The PCs could sea the seige from a rise above a beach, and also the Saxon ships at anchor in the bay, and so decided to fire the ships. (Which Laws anticipates in his scenario.) They came up with the plan that Justin and Gerran, who both have archery skill, would fire flaming arrows while Sir Morgath would row out in a coracle that was on the beach with a flaming brand. This mostly worked, and Sir Morgath overpowered a Saxon guard, knocking him into the water and torching the nearest vessel while flaming arrows fell into the further ship. But then - for reasons that were a bit unclear to me - Sir Morgath decided to swim back to shore, and the second Saxon guard (whom he knew about) was able to follow him in the coracle and catch him and take him prisoner! (Morgath's fighting stats aren't super-good, and his player didn't roll very well.) This prompted the two other knights to call down their cavalry to attack the Saxon flank to try and rescue Sir Morgath - which required pulling out the mass battle rules.

I used the Saxon Warband scenario from the main rulebook to get Saxon stats, though reduced their numbers from the 100 that's written there to a force double the size of the PC's band. Unfortunately neither Justin nor Gerran had Battle skill at that point (Gerran developed it at the end of the session). At first the knights of St Sigobert fought bravely and were not repelled by the Saxons - but in the second round Sir Gerran was out-generalled by the Saxon leader, and Sir Gerran and Justin themselves retreated (both had Presence reduced to zero in the mass combat process, and also suffered loss to Brawn from fighting). We decided that 5 of their retinue were also lost - a pretty terrible defeat.

But as luck would have it, at that moment a band of soldiers lead by Sir Vroca rode down the slope to rout the Saxons - it turned out that Vroca was younger brother to the lord of the castle, and a better knight and leader, who had turned up in the knick of time. And when this happened Morgath (with a successful presence check from his player) heard the Saxon chieftain complain about "Vroca the treacherous".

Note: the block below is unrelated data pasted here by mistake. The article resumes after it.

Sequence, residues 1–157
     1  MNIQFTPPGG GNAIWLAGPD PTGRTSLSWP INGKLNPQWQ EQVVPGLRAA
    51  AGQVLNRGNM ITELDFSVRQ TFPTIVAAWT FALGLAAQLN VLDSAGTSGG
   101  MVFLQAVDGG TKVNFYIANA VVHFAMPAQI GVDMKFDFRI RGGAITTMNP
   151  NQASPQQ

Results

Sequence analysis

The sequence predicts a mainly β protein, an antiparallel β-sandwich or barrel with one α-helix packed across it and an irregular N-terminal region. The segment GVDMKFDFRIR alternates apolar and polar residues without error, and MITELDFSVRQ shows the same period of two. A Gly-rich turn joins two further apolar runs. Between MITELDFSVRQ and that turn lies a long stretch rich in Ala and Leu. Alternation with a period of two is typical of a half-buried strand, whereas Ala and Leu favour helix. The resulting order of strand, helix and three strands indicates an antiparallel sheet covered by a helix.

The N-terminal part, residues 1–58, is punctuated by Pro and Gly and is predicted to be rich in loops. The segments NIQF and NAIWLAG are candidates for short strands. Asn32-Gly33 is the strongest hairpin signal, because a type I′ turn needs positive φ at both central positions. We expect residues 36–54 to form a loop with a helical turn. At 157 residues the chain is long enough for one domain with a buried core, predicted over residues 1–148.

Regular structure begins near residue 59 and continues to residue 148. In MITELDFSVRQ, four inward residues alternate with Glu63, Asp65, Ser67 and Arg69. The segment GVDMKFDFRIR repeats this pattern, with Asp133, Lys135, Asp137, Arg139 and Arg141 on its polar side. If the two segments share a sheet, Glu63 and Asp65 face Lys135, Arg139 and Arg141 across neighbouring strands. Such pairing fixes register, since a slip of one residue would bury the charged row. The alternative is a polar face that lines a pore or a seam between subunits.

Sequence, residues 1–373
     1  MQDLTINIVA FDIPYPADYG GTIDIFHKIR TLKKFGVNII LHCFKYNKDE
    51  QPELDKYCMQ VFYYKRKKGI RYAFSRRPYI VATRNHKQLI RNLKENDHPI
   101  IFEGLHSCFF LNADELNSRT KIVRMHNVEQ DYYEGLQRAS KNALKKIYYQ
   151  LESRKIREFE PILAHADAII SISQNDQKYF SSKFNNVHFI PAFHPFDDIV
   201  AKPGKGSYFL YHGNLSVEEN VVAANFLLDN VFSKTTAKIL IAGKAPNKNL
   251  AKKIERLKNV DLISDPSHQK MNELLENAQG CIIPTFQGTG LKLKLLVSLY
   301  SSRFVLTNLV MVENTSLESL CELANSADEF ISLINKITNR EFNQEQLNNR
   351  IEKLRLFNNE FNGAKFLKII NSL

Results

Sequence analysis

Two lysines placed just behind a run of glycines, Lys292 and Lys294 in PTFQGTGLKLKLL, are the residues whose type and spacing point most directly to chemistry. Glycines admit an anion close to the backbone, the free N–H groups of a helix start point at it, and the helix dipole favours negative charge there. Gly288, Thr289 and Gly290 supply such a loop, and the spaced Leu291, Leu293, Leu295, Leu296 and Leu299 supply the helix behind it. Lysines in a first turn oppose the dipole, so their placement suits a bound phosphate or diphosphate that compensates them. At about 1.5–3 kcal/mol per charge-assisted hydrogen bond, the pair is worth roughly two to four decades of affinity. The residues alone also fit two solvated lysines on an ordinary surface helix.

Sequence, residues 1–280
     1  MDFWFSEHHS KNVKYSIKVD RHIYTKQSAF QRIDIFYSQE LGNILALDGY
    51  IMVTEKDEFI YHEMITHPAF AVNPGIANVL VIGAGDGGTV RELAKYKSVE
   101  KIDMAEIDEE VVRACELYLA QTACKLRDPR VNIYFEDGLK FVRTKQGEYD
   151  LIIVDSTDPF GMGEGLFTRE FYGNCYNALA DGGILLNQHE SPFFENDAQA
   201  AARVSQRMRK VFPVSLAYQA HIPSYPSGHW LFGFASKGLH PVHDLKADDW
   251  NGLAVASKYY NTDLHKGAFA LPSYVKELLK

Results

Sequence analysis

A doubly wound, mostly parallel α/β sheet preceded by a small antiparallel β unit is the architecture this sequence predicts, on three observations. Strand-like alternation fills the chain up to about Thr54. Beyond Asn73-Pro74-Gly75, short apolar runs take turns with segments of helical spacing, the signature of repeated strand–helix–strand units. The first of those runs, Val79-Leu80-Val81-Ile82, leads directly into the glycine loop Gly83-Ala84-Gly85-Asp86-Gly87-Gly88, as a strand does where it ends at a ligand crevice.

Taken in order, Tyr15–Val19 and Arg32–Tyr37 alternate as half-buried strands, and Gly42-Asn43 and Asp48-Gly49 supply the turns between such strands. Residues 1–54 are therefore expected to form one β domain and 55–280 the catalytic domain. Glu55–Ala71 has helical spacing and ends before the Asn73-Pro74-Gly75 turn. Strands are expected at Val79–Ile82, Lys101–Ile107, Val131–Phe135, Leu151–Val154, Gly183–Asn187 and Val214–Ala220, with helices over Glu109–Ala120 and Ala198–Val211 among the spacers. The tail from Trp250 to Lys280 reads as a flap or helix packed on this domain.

The PCs were invited to receive hospitality in the castle by the brother, Ora, although Vroca seemed none to happy about it. Sir Morgath approached Ora in private to ask him the meaning of the Saxon chieftain's words, but a failed check meant that Ora took the matter to Vroca, who insisted on a duel to prove his innocence. Sir Justin agreed to fight him at dawn; and meanwhile Morgath - with the help of the castle chamberlain (successful Fellowship check) tracked down his Saxon slave who had left the hall during the hubbub looking rather suspicious, and in return for a promise of baptism and safety as a soldier of St Sigobert learned that Vroca had had his servant convey a message to the chieftain that this day would be a good one for a raid, as Vroca and most of the castle force would be out hunting. (It was amusing that Sir Justin's player worked out pretty quickly that this must be what had happened - whereas even though it was Sir Morgath who was actually eliciting most of the information, he and his player were somewhat confused by what was going on, and why Vroca was so angry, until the slave spilled the beans.)